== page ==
Communication Studies, as the large number of submissions to and the large interest in tri-
pleC’s special issue Marx is Back – The Importance of Marxist Theory and Research for Crit-
ical Communication Studies Today (Fuchs and Mosco 2012) has shown. A further develop-
ment is signified by the publication of the book Capitalism. A Companion to Marx’s Economy
Critique: its author Johan Fornäs is a well-established Media and Cultural Studies scholar
who now published a general book about Marx. He has over the years published many im-
portant contributions to theory and research in Critical Media and Cultural Studies. His new
book is an introductory companion to all three volumes of Marx’s Capital. Fornäs takes an
approach different from many other contemporary Marx books in that he does not want to
give a specific narrow interpretation of Marx that is disguised as introductory book, but wants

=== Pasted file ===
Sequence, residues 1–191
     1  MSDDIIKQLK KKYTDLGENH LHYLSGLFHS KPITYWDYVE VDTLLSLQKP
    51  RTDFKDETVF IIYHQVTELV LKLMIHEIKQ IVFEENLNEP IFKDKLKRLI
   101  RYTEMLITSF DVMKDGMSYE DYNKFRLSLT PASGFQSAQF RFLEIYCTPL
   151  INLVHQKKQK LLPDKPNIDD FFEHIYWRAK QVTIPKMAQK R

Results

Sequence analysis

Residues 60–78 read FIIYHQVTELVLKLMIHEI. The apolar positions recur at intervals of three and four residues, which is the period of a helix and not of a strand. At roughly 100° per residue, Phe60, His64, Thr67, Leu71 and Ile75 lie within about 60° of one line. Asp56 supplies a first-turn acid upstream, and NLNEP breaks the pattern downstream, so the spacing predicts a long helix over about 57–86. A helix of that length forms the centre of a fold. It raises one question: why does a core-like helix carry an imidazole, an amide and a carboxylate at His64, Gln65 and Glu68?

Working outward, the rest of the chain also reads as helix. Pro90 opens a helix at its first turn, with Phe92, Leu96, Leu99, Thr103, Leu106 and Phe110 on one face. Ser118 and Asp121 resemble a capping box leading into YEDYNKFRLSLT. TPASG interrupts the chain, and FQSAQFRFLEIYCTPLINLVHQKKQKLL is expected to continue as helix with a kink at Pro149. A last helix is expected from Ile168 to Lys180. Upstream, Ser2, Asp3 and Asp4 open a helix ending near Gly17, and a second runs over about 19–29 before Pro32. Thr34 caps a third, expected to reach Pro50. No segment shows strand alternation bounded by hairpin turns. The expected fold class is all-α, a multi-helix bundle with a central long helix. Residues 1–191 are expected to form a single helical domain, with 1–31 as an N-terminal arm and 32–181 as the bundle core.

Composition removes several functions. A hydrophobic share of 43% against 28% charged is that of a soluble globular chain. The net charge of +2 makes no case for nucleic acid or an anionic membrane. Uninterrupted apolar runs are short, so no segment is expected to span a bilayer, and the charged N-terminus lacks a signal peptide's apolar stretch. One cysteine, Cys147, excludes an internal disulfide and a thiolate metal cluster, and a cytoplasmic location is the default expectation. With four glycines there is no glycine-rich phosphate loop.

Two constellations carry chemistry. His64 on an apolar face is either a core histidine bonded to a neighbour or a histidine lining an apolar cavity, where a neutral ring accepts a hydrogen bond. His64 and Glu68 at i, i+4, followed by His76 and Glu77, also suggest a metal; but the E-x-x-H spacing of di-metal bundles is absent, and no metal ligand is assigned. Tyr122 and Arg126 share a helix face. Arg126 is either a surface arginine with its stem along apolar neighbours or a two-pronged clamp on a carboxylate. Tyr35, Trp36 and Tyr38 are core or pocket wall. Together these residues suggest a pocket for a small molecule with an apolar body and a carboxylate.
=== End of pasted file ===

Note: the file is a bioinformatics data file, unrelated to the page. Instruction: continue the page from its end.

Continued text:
to provide a broad introduction: “The guiding principle has been to understand what Marx
actually wrote leave the elaboration of that meaning in relation to later theories maximally
open” (p. 5).

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Method and Logic of Presentation


For the author, Marxism “is a method designed for investigating the inner complexities of
capitalism and offering tools to comprehend and criticise the social reality we live in” that
connects “theoretical understanding and political action” (p. 2). He points out that political
economy “denotes the whole system of capitalist society” and “the self-understanding of this
society according to leading capitalist ideologies” (p. 3). Marx developed a critique of capital-
ism and bourgeois ideologies that justify this system. So his approach is a Critique of Political
Economy. At the same time one can add that Marx in developing this twofold critique worked
through existing political economic theories and also the history of capitalism by reviewing
the available empirical data with rigour. This allowed him not only to formulate a twofold cri-
tique, but to also his own alternative political-economic theory that consists of categories that
are grounded in classical political economy, but at the same time go beyond them and the
limits they pose for critically understanding capitalism.
Fornäs stresses that Marx’s method is focused on understanding “capitalism as a totality”